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‘Iron’ by Primo Levi
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‘Iron’ is a biographical essay by twentieth century Italian-Jewish chemist and writer, Primo Levi and forms part of his greater work The Periodic Table. It chronicles his developing friendship with a fellow chemist and outsider during a time when fascism was spreading, like a cancer, across Europe.
Levi pictures fascism using a variety of metaphors including “the night of Europe”, a disease, and a “grumous dew” with a terrible “stench”. In contrast, Chemistry and the scientific method are pictured as “white”, something “from which a emanated a good smell, dry and clean” and “an antidote”.
Within this safe but ever narrowing world where rationalism triumphs over propaganda, Levi meets Sandro, who he describes as “blasphemous”, “laconic” and “sarcastic”. Sandro is a “loner”, “the quiet one”. Levi, too, is an outsider but not by choice: “the laws against the Jews had been proclaimed…following an ancient pattern, I withdrew as well.” The allusion here is to the ostracisms and proscriptions of the Jewish people across the centuries, an horrific tradition beginning in Egypt’s biblical past four thousand years earlier.
In an attempt to capture Sandro’s personality—which remains “elusive, untamed”—and their friendship, Levi engages two seemingly contradictory central metaphors: the elements of their chemical studies and the wild but pastoral scenery of the Piedmont region. Sandro is “made of iron” (hence the title of the essay) but also “cat with whom one could live for decades without ever being permitted to penetrate its sacred pelt”. Their friendship is “cation and anion” (a mixing of positive and negative ions) but also something personified and wild, “a comradeship was born”.
It is only when the action moves from the lab to the wilderness that this conflict is resolved. Matter, personified as “Mother” and “teacher” is not to be found in the lab but in the “true, authentic, timeless Urstoff, the rocks and ice of the nearby mountains”. This appropriation of the German word for element empowers Levi’s writing, his use of language, like the wilderness, is outside the control of fascism. It is here in this “island”, this “elsewhere” that Sandro finds “his place”, “a new communion with the earth and sky”. The use of Christian allusion within what is consistently pictured as a pagan setting serves to devalue and mock the colleagues who “were civil people…but withdrew” with their “dozing consciences”. The mocking tone is broadened to include the whole of Italy, “the small time pirate”.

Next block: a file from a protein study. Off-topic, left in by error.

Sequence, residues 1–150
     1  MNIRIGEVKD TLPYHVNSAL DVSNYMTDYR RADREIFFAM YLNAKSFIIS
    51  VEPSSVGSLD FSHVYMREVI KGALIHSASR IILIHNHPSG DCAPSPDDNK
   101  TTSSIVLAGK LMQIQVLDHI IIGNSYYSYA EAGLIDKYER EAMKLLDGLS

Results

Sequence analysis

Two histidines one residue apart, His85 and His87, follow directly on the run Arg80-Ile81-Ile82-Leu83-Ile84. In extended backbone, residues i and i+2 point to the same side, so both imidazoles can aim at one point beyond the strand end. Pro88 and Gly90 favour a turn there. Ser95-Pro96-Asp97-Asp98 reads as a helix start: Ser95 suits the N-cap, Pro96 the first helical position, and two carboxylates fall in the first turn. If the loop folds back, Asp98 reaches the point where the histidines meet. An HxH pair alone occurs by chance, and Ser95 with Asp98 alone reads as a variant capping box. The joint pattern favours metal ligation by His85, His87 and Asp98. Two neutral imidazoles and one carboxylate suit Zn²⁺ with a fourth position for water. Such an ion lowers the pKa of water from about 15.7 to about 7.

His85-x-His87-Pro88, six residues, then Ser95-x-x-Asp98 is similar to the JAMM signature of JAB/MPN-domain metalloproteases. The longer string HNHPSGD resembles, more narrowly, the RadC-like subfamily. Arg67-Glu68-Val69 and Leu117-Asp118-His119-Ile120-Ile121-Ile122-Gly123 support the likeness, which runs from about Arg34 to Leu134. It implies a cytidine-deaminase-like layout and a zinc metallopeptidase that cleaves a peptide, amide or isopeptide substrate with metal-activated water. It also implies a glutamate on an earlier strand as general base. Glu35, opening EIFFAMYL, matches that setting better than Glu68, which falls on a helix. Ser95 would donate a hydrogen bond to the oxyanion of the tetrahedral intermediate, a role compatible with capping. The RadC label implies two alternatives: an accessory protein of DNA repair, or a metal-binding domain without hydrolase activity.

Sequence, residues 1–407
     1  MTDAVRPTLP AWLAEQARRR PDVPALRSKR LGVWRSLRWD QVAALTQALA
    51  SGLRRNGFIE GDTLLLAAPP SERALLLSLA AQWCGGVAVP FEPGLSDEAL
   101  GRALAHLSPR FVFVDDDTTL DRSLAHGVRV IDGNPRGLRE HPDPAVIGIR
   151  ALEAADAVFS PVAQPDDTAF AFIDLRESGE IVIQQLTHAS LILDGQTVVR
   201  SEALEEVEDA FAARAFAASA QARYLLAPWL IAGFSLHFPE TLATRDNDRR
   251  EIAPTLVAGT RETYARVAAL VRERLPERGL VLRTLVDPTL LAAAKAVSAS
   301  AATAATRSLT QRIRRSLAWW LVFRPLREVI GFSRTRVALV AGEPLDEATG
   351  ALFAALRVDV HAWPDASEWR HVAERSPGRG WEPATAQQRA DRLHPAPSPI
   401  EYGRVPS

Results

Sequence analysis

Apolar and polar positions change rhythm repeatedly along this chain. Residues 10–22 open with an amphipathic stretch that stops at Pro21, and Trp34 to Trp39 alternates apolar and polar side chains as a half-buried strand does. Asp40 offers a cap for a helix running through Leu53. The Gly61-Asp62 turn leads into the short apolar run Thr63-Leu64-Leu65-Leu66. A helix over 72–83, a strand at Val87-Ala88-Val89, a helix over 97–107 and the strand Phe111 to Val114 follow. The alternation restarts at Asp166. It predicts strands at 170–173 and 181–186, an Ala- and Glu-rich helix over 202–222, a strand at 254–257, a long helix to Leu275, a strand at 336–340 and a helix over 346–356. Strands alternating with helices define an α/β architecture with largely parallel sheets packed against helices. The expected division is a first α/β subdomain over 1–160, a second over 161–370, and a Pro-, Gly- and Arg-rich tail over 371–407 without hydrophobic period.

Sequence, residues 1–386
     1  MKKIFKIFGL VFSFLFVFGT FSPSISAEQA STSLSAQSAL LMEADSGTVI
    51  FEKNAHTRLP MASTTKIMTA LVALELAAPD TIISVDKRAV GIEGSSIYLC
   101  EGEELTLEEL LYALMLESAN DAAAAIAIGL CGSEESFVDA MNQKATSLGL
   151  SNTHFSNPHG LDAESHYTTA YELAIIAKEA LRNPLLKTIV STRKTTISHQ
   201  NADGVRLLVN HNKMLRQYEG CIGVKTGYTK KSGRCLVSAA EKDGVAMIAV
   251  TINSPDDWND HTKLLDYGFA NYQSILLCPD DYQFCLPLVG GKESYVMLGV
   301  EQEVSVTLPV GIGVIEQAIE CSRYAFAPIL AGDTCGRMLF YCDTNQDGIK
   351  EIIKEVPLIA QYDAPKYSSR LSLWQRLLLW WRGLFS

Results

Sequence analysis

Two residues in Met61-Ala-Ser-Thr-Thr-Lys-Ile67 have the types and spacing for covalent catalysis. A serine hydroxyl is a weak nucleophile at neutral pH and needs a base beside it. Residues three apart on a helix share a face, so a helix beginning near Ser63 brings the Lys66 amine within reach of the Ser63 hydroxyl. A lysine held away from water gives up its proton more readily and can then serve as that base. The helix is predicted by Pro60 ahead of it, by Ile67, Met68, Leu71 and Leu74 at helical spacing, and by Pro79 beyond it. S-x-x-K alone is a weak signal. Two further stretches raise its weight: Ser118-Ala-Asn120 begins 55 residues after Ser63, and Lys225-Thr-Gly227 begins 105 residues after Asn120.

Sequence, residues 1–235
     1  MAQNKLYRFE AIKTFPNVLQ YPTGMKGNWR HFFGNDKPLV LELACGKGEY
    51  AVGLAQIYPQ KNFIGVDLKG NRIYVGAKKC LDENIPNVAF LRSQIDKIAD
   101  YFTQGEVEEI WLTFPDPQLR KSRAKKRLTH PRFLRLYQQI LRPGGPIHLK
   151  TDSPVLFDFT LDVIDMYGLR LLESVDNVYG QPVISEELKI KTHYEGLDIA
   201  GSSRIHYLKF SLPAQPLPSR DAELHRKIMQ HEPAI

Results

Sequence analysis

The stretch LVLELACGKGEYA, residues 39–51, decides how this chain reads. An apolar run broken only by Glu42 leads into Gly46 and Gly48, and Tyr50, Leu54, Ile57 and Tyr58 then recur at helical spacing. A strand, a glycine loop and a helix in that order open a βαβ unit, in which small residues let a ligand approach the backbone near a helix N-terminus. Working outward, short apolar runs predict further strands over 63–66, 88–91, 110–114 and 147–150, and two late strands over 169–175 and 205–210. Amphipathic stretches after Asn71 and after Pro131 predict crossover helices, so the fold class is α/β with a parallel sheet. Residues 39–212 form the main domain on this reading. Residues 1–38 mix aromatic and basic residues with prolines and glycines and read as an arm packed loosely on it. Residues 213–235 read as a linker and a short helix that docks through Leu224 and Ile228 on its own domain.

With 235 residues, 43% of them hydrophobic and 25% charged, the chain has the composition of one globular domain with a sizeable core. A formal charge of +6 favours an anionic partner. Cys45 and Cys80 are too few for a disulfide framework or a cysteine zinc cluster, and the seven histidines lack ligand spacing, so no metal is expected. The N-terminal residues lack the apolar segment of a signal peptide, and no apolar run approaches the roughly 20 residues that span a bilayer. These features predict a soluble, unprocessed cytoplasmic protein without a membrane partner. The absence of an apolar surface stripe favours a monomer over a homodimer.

In contrast to those who warrant Levi’s derision, Sandro is spoken of with a respect bordering, at times, on awe. As well as being “made of iron”, Sandro is a paradox, displaying “sinister hilarity” and “splendid bad faith”. He becomes not only Levi’s comrade but also his teacher preparing them both for “an iron future, drawing closer month by month”. The “iron” in Levi’s future is surviving Auschwitz, for which his treks with Sandro helped prepare him. But “they didn’t help Sandro, or not for long”. At the end of the essay Levi anchors the almost mythological Sandro to history, “Sandro Delmastro, the first man to be killed fighting in the Resistance with the Action Party’s Piedmontese Military Command”.
Levi’s chronicle of a significant but short friendship between two outsiders is also a struggle—like the chemist “fencing” with the elements—to “dress” his “elusive” friend and their friendship in words. Ironically, although Sandro was “not the sort of person you can tell stories about”, stories are all that remain, “nothing but words”.

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